Losses from natural disasters in the Asia-Pacific and Africa region totalled $64bn in 2023, slightly lower than the $66bn seen in the previous year, says reinsurance giant Munich Re. Approximately $8bn of the $64bn was insured (2022: $11bn).
Japan, a country highly exposed to natural hazards, was largely spared major damage in 2023. While Typhoon Doksuri was the year’s costliest disaster in terms of overall losses, two major catastrophes in New Zealand together accounted for the highest insured losses in Asia-Pacific (around $4bn). In early February, there were massive floods in and around Auckland, New Zealand’s biggest city, causing insured losses of nearly $2bn and overall losses of $2.9bn. In mid-February, Cyclone Gabrielle hit New Zealand’s North Island and Norfolk Island, resulting in huge damage. Losses from the cyclone were at a similar level to those from the floods.
In the northeast of Australia, severe flooding occurred in mid-December as a result of tropical storm Jasper in the state of Queensland. According to media reports, there was more than 800 mm of rain in just one day. Numerous rivers burst their banks. It is still too early to reliably quantify the damage.
El Nino and El Nina effects
As in other regions, the El Niño-Southern Oscillation (ENSO) conditions influence weather extremes in Asia, in addition to climate change. The ENSO expression peaked at the end of 2023 and will most likely subside by mid-year. Australia can therefore hope for a mild cyclone season overall, lasting until the end of April. In contrast, the risk of forest fires is likely to increase as the lush vegetation of recent months begins to dry out, increasing flammability. If El Niño turns into its counterpart, La Niña, in the second half of 2024, the risk of flooding in eastern Australia could increase.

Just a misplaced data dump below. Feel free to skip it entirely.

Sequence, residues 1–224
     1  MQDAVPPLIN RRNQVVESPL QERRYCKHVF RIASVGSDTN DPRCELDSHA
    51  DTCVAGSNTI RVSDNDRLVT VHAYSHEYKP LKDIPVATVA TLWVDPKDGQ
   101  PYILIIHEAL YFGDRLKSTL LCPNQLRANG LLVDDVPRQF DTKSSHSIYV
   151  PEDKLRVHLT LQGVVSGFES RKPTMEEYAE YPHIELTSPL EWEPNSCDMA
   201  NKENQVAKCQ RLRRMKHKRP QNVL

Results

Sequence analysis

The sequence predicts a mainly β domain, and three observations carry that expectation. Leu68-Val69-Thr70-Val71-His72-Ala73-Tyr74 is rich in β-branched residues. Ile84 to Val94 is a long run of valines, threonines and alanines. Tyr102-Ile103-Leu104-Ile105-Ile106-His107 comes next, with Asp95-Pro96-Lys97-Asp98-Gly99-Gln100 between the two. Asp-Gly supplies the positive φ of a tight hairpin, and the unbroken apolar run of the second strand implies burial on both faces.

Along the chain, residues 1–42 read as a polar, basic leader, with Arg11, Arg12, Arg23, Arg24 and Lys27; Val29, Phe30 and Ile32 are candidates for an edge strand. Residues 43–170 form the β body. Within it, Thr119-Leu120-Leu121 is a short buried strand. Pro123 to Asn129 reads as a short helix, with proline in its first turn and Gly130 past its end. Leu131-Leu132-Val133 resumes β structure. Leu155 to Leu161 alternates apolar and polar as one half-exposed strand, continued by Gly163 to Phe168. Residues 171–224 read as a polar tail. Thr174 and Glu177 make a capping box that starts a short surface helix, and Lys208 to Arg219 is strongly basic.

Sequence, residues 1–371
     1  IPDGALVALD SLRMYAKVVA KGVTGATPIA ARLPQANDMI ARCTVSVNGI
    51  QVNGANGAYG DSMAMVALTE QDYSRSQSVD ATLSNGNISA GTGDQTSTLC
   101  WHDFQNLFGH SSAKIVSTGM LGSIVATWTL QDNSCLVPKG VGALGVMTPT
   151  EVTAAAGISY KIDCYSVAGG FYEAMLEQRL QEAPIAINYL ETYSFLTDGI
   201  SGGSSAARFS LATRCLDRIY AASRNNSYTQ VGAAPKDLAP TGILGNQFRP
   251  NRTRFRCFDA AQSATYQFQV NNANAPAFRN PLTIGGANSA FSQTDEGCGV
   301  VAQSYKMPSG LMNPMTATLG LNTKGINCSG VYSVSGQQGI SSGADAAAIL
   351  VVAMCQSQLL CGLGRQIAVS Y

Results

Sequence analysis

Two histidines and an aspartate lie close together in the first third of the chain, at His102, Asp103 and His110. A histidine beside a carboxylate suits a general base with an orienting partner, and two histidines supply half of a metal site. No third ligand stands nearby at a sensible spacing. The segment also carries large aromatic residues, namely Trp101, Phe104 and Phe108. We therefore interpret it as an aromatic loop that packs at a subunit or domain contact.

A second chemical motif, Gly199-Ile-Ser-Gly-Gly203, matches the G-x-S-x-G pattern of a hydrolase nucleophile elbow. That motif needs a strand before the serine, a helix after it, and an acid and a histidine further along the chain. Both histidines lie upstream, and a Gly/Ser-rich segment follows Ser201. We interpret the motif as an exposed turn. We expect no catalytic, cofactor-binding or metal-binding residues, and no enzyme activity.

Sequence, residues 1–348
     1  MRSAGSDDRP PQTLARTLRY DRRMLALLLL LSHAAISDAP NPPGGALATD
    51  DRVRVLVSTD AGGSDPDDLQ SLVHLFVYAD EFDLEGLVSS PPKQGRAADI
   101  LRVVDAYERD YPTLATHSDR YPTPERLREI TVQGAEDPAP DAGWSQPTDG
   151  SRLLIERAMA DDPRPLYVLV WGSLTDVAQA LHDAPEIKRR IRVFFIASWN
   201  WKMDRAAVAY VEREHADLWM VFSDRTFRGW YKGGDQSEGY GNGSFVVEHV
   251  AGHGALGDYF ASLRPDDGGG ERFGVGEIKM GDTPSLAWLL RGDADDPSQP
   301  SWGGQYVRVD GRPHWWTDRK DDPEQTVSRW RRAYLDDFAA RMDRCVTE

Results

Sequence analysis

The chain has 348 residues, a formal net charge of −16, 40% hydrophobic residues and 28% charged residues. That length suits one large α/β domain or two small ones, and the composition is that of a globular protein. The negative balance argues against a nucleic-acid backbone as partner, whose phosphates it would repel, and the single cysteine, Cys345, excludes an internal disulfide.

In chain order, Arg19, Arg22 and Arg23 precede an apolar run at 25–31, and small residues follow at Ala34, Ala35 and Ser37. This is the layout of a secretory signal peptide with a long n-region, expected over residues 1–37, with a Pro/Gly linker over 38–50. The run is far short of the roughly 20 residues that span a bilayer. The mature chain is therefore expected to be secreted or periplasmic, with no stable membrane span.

The outlook for the typhoon season in the northwest Pacific remains unclear due to the uncertainty of ENSO development in the second half of the year. In the event of a La Niña phase, typhoon activity in the northwest Pacific could be below average. However, more storms could hit the Philippines, as storms under La Niña conditions tend to move westwards rather than northwards.
Worldwide, natural disasters in 2023 resulted in losses of around $250bn (2022: $250bn), with insured losses of $95bn (2022: $125bn). Overall losses tally with the five-year average, while insured losses were slightly below the average figure of $105bn. Unlike in previous years, there were no mega-disasters in industrialized countries that drove losses up (such as Hurricane Ian in 2022, which caused overall losses of $100bn and insured losses of $60bn).
Economic losses from natural disasters were dominated by severe storms: 76% of overall losses were weather-related, while 24% had geophysical causes.